Set your alarm for anytime between 2:00am and 4:30am on Tuesday, April 15 so that you won’t miss an opportunity to watch a total lunar eclipse. This occurs when the moon passes through the very center or darkest portion of the earth’s shadow called the umbra. This happens when the sun, the earth and the moon are in a straight line with the earth in the middle. Most of the time at full moon the moon passes either above or below the earth’s shadow but not this time
So next Tuesday morning the moon will be passing through the earth’s shadow at 2,300mph and will remain in the dark shadow for about just over one hour. This will be between 3:06am and 4:24am in the western sky. During this time the only light able to reach the moon is sunlight that is being bent or refracted by the earth’s atmosphere into the earth’s shadow. This is the kind of reddish sunlight we see just before sunrise and just after sunset.
Due to the atmosphere bending and scattering sunlight the color appears more reddish and this is why during a total lunar eclipse the moon can appear rusty or deep red and hence the term ‘blood moon’. Here’s a sequence of images taken during a lunar eclipse to show this effect:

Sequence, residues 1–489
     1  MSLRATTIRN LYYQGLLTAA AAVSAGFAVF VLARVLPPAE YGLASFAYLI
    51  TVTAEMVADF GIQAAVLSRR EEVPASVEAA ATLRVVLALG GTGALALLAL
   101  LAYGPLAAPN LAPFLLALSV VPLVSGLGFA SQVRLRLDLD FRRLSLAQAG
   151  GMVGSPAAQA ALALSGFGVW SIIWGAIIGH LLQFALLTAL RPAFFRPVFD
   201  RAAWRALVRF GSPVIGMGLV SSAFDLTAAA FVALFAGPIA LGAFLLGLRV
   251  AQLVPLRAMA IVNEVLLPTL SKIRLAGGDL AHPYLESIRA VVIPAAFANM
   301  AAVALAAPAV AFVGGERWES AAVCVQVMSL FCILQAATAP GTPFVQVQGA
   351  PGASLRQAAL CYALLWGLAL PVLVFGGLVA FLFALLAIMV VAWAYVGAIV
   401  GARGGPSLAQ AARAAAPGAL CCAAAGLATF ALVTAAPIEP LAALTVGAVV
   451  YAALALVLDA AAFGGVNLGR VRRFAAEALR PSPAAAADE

The color next Tuesday morning may not be as vivid or dramatic as this but it’s always interesting to see just how red the moon will appear. In my experience with watching a lunar eclipse I’ve seen the moon simply turn dark gray or brownish in color. However should there by a lot of dust in the atmosphere like from a volcano the red can be very pronounced.
Hopefully the weather will cooperate. However I see a chance that it may not. But even with a broken layer of clouds the effect can be every bit as dramatic as if the sky were clear. You don’t need a telescope to watch a lunar eclipse but watching through binoculars will greatly enhance the view. If you miss it… the next best time as good as this one will be in on September 27, 2015. That lunar eclipse one will start at around 9:00pm. No alarm clock required.